Dual Feed Fuelline leak - Team Camaro Tech
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post #1 of 19 (permalink) Old Aug 20th, 03, 12:16 PM Thread Starter
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Does anyone know if there is supposed to be some type of gasket as part of the inverted flare fitting on a holley carb? I have a holley 750 HP carb and a holley chrome fuel line. I cannot seem to get the fitting to seal up. It leaks between the fuel line and the nut that screws the fuel line to the carb fuel fitting. I'm on my second fuel line and have cleaned everything up with brake cleaner with no luck. Am i missing a washer or gasket or does an inverted flare seal metal to metal?

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post #2 of 19 (permalink) Old Aug 20th, 03, 03:47 PM
 
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I go thru this each time I change carbs. Once I have them so they don't leak,I leave the chrome fuel lines on when I remove the carb. You may want to try putting teflon tape on the threads and gradually tighten the nuts till there is no leak.
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post #3 of 19 (permalink) Old Aug 20th, 03, 07:55 PM
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Greg inverted flare fittings are metal to metal seals. If it leaks there is a problem with the flare or it's mating surface. Something as simple as a scratch on the sealing surfaces will cause a leak. It's also possible the aftermarket line you are using may not be true or the exact center to center dimension causing the sealing surfaces to be slightly misaligned. Seco makes a soft metal conical seal that can be installed between the flared line and the fitting just for this purpose. I've only used them on standard AN fittings, never tried one on an inverted flare. They come in aluminum and nickel. I know only the nickel are approved for aerospace applications and then it's up to each manufacturer, but I've had good luck with them on scratched fittings, or ones that simply won't seal.

I make my own Holley dual inlet double flared lines and use an inverted flare brass tee fitting. I've never had one leak.
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post #4 of 19 (permalink) Old Aug 22nd, 03, 12:45 PM
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There is a gasket that goes between the fuel inlet nut and the fuel bowl. Sometimes they can leak there and mimic a leak at the fuel line to inlet nut fitting.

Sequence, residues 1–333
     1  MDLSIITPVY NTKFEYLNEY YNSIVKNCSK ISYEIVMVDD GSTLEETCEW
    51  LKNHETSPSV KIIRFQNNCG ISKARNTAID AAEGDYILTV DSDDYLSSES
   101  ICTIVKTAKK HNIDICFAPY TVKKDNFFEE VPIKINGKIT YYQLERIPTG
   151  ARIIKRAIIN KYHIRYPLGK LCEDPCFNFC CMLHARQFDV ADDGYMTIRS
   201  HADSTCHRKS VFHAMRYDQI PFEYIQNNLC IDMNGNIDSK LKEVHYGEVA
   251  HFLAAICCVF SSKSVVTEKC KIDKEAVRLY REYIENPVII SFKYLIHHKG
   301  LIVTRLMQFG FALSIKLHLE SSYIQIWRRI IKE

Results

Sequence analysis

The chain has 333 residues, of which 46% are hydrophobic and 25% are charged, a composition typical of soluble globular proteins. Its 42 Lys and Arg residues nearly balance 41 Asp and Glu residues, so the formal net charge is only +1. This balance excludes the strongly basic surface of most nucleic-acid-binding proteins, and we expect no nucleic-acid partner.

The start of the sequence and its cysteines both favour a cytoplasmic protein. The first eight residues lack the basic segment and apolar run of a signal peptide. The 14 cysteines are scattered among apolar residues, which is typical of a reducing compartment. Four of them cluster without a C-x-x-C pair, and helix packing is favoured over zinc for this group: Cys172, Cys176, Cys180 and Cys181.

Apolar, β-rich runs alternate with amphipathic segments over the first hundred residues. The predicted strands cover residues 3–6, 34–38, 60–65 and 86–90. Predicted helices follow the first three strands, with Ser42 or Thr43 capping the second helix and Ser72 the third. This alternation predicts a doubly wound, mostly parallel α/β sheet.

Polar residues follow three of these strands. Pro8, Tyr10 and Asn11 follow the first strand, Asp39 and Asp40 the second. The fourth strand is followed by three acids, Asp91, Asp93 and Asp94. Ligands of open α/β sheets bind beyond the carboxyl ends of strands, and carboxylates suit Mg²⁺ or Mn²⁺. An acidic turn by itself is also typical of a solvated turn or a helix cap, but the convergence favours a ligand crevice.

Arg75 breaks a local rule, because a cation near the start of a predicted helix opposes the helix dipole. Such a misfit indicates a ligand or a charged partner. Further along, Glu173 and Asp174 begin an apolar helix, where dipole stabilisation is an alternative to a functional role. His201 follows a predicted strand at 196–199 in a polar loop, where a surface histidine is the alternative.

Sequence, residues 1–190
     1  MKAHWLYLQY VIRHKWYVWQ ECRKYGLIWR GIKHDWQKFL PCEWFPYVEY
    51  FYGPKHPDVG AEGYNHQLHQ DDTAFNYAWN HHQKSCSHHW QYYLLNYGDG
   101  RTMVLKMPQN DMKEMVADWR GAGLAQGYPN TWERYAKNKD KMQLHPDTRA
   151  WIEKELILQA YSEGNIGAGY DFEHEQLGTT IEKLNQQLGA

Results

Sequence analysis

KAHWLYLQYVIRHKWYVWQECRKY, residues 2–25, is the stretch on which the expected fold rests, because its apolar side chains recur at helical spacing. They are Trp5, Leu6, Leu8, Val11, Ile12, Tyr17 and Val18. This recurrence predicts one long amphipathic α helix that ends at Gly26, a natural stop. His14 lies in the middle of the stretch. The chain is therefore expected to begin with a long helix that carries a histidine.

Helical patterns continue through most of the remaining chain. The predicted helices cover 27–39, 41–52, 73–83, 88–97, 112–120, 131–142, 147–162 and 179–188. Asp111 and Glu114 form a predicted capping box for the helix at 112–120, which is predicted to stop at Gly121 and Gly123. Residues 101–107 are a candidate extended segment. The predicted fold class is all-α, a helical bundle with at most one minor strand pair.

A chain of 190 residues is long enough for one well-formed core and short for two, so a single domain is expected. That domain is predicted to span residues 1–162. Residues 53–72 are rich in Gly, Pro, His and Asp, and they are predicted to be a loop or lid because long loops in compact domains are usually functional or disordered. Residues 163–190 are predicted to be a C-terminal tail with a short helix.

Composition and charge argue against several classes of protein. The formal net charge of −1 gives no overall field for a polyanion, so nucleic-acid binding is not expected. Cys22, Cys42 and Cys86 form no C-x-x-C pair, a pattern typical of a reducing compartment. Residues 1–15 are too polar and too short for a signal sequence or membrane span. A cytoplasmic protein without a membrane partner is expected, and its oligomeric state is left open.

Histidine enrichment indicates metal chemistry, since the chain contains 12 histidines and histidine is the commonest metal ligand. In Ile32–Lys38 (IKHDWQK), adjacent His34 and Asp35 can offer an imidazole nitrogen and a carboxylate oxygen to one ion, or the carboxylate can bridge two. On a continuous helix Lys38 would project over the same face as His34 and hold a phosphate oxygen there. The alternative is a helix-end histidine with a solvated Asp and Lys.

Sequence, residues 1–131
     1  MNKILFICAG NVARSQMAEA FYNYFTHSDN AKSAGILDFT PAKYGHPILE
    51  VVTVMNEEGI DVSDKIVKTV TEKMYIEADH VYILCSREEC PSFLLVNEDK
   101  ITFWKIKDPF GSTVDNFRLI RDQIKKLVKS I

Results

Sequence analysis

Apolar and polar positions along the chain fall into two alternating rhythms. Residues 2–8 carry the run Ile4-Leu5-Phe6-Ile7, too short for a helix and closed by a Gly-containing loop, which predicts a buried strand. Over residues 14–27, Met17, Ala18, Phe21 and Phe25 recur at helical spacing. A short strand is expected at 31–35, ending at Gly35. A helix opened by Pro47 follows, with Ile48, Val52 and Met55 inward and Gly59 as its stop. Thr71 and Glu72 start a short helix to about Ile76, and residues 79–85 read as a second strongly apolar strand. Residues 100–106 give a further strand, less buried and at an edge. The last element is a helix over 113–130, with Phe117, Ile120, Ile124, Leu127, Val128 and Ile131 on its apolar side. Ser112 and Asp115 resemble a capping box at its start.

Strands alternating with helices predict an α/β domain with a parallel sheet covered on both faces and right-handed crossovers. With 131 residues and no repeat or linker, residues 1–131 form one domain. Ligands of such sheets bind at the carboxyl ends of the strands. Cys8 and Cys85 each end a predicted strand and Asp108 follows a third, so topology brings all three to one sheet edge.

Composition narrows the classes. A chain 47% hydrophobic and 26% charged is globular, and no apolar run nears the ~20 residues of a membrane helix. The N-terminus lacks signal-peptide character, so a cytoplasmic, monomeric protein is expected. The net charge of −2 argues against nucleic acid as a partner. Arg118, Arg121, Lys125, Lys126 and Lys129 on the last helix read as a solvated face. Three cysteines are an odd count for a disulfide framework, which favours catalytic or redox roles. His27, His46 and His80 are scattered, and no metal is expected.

But my guess is that your carb is leaking exactly where you say it is. Sometimes those can be a real bas---- to seal. If this is your second fuel line, chances are that you have a burr or a scratch on the fuel inlet nut. I'd examine those closely and replace if needed. Teflon tape won't help, as these fittings do not seal at the threads. The threads just provide the mechanical force to effect a metal to metal seal.

Good luck!


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post #5 of 19 (permalink) Old Aug 22nd, 03, 01:37 PM
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Here's something I've found with any type of solid lines, be it copper oil pressure or steel fuel lines like your chrome ones or factory "Y" block lines. This goes for solid brake lines as well. Any time you have the slightest bend on the end of the line you will have a leak. The part that is hidden under the tightening nut has to be as straight as possible, no dents, dimples or bends, even the slightest bend will cause a leak. I've seen poor condition flairs not leak and good flairs that have a ever so slight bend just below the flair leak...

The pic's show just how little it takes to have a leak... The end on the left in both pic's doesn't leak and the one on the right does no matter how tight or what it's connected to. In this case I tried 2 different carbs and 2 different "Y" blocks and the leak followed the fuel line...





[ 08-22-2003, 04:56 PM: Message edited by: DjD ]

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post #6 of 19 (permalink) Old Aug 22nd, 03, 04:26 PM
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my tranny cooler line on top of the radiator was leaking since I bought the car. My mechanice cut the line, redid the double flare and it still leaked. He then cleaned the surface with spray cleaner and inside the radiator threads, then greased all the threads with brush on axle grease and then tightened again. That extra ability to slip into place when tightening with a line wrench did it and it has not leaked since. Its a trick worth trying but I agree with the others, any knick or bend is asking for a leak.